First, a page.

The Archive Photo That Put A Face To A Name

March 15, 2019.  One of the biggest challenges in the project to uncover the stories behind the names listed on the Cenotaph outside the Borden-Carleton Legion is finding photos of the men.  Quite often family members can be found, but photos, especially for soldiers who lost their lives in WW1, were not always kept by family.   Most of the soldiers who lost their lives were young and unmarried, and succeeding generations of nieces and nephews didn’t always want to keep what was left behind by grandparents or their parents.  Photos, particularly unidentified ones, and letters from unknown people were just not a priority for many people.

So it was a very pleasant surprise when, during a visit to the PEI Archives in Charlottetown, Pieter struck it lucky while looking through an album of photos donated by Jean MacFayden.  Most photos were not identified, but then, to his astonishment, Pieter found a photo of WW1 soldier John Goodwill HOWATT, of Augustine Cove.  Unfortunately, the other two men in the photo were unidentified, with only the remark that they were ‘two Halifax boys’. Up to now, Pieter has not been able to find anyone else who might have the same photo and be able to give more information.

P0006342 copy J.G. Howatt ordered from PEI Public Archives

Photo donated to the PEI Archives by Jean MacFayden, in which she identified John Goodwill Howatt on the left, and noted only that he was with “two Halifax boys”. (Photo credit: courtesy Public Archives and Records Office of Prince Edward Island, Acc4154)”

In this exceptional case, Pieter had a photo, which could put a face to a name, but was unable to find any family, a bit unusual given that Howatt is a well-known Island name!  Who was this mystery man?

John Goodwill HOWATT was born July 27, 1897 in Augustine Cove, the son of Edward G. Howatt and Emma May Wood, and had a younger sister, Cecilia Amanda.  After Howatt’s father died in 1908, his mother remarried, to Don Howatt in 1909, but she herself died on August 25, 1916.

A farmer before he decided to enlist in January 1916 with the 105th Battalion, Company C, Howatt had his medical exam in Summerside, but it wasn’t until March 4, 1916 that he received his medical clearance and was formally enlisted.  After that, things moved quickly, and he was on his way to England in June 1916, sailing from Halifax aboard the S.S. Empress of Britain.  On November 28, 1916 he was transferred to the 25th Battalion of the Canadian Infantry and sent to France, arriving there on November 29, 1916.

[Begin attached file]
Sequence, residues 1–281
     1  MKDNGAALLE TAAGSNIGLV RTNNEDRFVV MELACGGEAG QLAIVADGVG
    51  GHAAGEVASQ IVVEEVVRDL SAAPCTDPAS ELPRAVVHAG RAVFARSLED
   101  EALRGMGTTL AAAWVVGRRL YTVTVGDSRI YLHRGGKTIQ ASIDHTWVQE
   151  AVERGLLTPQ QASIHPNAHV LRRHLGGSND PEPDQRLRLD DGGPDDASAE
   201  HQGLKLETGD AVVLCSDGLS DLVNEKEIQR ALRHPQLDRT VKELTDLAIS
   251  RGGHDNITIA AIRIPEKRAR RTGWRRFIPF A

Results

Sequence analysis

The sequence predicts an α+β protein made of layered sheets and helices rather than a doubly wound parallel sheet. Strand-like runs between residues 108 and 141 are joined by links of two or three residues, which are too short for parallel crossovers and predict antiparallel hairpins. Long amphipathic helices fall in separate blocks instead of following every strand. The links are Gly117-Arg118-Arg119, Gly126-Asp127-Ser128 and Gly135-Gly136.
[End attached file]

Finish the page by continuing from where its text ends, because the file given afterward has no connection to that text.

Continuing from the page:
On August 8, 1918, the Battle of Amiens began in France, the start of the 100 Days Offensive that led to the end of WW1.  By the end the day, Allied Forces had forced their way through German lines around the Somme. There were 27,000 German casualties, 12,000 of which had surrendered.

The next day, August 9, the war diary of the 25th Battalion recorded that, “At 9:15 am, verbal orders were received for the Battalion to continue the attack in conjunction with other troops.”  After leaving Gaillacourt, where they had spent the night, “The Battalion rapidly moved to the assembly position – the heights southeast of Caix – and crossed the British front line, then held by the 4th Canadian Division, at 1 pm. As the Battalion moved over the ridge in front of Caix, they were met with a light artillery barrage, and strong enemy machine gun fire.

As they pressed on towards Vrely, the Battalion encountered “some hard fighting in a wood on the right”.  Undaunted, the Battalion continued on and the war diary gave an understated report of what happened next.  “On emerging from Vrely, ‘A’, ‘B’, and ‘C’ companies met with some opposition in the nature of an enemy Field Battery, which opened fire from a few hundred yards away.” The Battalion won this skirmish.  “Rifle and machine gun fire caused this Battery to retire, with the loss of its officers and three of its drivers, and the advance continued to Meharicourt, which was captured with little trouble by 5 pm.

It’s not certain exactly when, but at some point on the second day of the battle, Howatt was severely wounded in his back and shoulder from gunshot, leaving him paralyzed from the waist down.  He was carried to a Casualty Clearing Station, then put on a train the next day to a field hospital.  On August 22, he was transported back to England and operated on, but died in a London hospital on September 7, 1918. He was only 21 years old.  He’s buried at Brookwood Military Cemetery in Surrey, England, which we have not yet been able to visit.

If you have more information or photos on John Goodwill Howatt, or are able to identify the two ‘boys from Halifax’ in the photo shown above, please send an email to or comment on this blog.

© Daria Valkenburg

2 thoughts on “The Archive Photo That Put A Face To A Name

  1. Pingback: The Importance Of Remembrance | Borden-Carleton Cenotaph Research Project

  2. Pingback: On The War Memorial Trail….. The WW1 Soldier Who Returned To Tryon | On The War Memorial Trail Research Project…….. with Pieter and Daria Valkenburg

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